The bar has been raised for seed-stage startups and their investors. A year has passed, and the struggle for Series A funding has become all too real. With the market shift in early 2022, late-stage companies were the initial casualties. However, this financial pressure has now trickled down to new, emerging companies that are facing lower valuations and more discerning Series A investors.
To combat these challenges, venture capitalists are taking innovative steps. European firm Breega boasts a “scaling squad” to support their numerous seed investments. Similarly, Bay Area-based Pear VC continually introduces new programs designed to educate and empower their budding teams.
Even larger, stage-agnostic companies are recognizing the need to adapt to the current market. For example, Greylock, an investment firm, launched Edge in October, a three-month company-building program aimed at equipping pre-idea, pre-seed, and seed founders with the necessary tools to achieve product-market fit.
Lightspeed Venture Partners, a renowned VC heavyweight, is also following suit. The firm has always backed early-stage companies and has seen success with investments like Snapchat, AppDynamics, and Nutanix. However, with rising Series A standards, Lightspeed is taking a more formal approach to mentorship. Partner Luke Beseda is spearheading a company-building program called Launch, which aims to prepare their portfolio companies for the Series A round.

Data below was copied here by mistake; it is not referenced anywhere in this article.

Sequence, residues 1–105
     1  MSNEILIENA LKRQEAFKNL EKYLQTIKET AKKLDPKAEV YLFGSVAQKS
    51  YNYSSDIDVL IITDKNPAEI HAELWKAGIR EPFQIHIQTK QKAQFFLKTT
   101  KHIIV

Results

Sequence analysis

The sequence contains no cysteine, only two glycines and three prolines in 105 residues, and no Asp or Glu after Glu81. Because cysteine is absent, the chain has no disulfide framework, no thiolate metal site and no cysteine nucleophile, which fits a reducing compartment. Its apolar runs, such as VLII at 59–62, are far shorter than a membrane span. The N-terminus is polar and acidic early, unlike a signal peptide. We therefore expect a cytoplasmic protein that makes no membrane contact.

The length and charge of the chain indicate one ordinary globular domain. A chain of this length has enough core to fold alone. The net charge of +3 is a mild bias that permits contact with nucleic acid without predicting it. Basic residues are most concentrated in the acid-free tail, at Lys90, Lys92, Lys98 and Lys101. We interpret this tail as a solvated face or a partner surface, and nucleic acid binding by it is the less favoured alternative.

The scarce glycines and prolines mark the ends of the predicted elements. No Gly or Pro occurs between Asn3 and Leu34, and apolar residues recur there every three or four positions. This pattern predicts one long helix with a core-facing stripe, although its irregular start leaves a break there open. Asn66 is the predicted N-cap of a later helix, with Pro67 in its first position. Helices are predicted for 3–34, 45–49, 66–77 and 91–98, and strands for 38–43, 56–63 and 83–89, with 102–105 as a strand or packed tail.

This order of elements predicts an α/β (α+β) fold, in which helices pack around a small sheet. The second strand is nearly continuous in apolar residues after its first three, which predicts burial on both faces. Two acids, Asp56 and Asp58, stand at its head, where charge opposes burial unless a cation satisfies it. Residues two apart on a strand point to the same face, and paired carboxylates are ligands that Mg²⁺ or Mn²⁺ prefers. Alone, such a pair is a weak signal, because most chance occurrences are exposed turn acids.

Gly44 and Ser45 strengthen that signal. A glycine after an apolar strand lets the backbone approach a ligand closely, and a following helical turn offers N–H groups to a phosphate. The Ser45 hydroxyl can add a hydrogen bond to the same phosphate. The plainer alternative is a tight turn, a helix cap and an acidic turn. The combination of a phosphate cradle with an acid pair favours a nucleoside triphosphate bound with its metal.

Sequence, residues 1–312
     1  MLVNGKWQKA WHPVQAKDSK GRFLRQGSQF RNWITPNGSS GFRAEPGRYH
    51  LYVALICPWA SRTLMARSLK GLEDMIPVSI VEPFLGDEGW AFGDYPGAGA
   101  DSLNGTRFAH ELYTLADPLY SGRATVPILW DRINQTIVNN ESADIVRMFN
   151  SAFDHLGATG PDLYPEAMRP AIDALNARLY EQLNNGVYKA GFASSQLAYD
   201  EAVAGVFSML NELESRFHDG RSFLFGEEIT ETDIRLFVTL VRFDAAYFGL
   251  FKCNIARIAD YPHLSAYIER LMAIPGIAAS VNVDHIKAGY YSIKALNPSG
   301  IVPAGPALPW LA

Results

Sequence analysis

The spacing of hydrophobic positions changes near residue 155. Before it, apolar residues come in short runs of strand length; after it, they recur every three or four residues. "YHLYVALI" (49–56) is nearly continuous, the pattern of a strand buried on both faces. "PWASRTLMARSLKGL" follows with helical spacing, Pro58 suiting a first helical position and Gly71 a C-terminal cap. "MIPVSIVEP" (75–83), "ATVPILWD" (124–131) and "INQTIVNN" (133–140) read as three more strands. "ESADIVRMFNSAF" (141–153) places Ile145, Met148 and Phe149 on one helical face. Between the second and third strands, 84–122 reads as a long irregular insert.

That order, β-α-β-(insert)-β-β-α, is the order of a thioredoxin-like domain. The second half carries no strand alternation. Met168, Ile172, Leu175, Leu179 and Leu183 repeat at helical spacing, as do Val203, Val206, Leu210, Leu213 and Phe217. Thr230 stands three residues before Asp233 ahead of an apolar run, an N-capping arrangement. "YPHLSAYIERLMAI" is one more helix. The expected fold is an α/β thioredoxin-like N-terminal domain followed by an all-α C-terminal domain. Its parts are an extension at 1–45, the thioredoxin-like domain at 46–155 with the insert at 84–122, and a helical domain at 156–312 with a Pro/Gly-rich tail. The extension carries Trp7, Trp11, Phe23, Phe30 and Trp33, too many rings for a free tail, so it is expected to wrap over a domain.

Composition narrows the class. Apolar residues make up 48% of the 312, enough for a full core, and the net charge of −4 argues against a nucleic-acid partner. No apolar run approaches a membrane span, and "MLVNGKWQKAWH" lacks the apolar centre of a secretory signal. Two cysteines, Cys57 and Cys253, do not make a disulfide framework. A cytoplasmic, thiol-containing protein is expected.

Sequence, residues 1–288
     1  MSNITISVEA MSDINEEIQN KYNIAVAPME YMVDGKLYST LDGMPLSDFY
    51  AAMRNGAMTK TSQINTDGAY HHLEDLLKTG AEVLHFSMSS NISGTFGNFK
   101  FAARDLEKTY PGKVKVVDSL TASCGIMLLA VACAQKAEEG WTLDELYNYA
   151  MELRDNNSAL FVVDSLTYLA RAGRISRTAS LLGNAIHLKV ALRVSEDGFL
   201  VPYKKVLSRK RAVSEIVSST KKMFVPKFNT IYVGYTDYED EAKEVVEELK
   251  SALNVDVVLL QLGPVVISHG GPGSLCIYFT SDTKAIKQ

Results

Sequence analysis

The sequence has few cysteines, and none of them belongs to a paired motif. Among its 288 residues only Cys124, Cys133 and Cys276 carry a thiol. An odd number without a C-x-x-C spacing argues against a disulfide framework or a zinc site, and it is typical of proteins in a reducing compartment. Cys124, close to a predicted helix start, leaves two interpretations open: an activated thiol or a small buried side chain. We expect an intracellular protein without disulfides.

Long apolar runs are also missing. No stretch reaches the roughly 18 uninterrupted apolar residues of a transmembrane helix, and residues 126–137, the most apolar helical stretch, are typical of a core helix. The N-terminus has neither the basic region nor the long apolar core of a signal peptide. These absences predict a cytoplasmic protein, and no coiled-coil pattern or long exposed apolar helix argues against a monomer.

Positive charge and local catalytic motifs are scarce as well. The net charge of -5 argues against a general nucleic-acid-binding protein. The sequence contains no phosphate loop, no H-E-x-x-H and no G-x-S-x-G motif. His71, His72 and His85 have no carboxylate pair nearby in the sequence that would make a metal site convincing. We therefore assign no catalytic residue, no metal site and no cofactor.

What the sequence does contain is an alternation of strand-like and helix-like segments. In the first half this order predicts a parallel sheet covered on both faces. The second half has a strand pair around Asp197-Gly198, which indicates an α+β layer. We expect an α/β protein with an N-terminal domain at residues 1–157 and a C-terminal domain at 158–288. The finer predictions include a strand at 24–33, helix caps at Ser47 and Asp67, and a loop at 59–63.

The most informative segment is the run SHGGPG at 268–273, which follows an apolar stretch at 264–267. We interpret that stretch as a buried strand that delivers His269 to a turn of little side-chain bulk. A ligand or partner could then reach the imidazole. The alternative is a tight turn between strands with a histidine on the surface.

Beseda explains that most startups face similar questions and obstacles, such as setting up and running a business, building a core team, and developing a product strategy. Through Launch, Lightspeed plans to provide expert-led workshops, seed “playbooks,” and other resources to help their founders navigate these challenges more effectively.
Given the current state of the startup industry, any form of assistance is vital. While some startups have folded, others are realizing the importance of year-over-year growth and recurring revenue, a primary focus for Series A investors. Benchmark VC Sarah Tavel acknowledges the changing landscape for Series A funding, noting the recent shift from exuberance and emphasis on vanity metrics to the importance of customer orientation and business fundamentals.
Tavel stated, “Ultimately, the startups that succeed are ones that generate profit and cash flow.”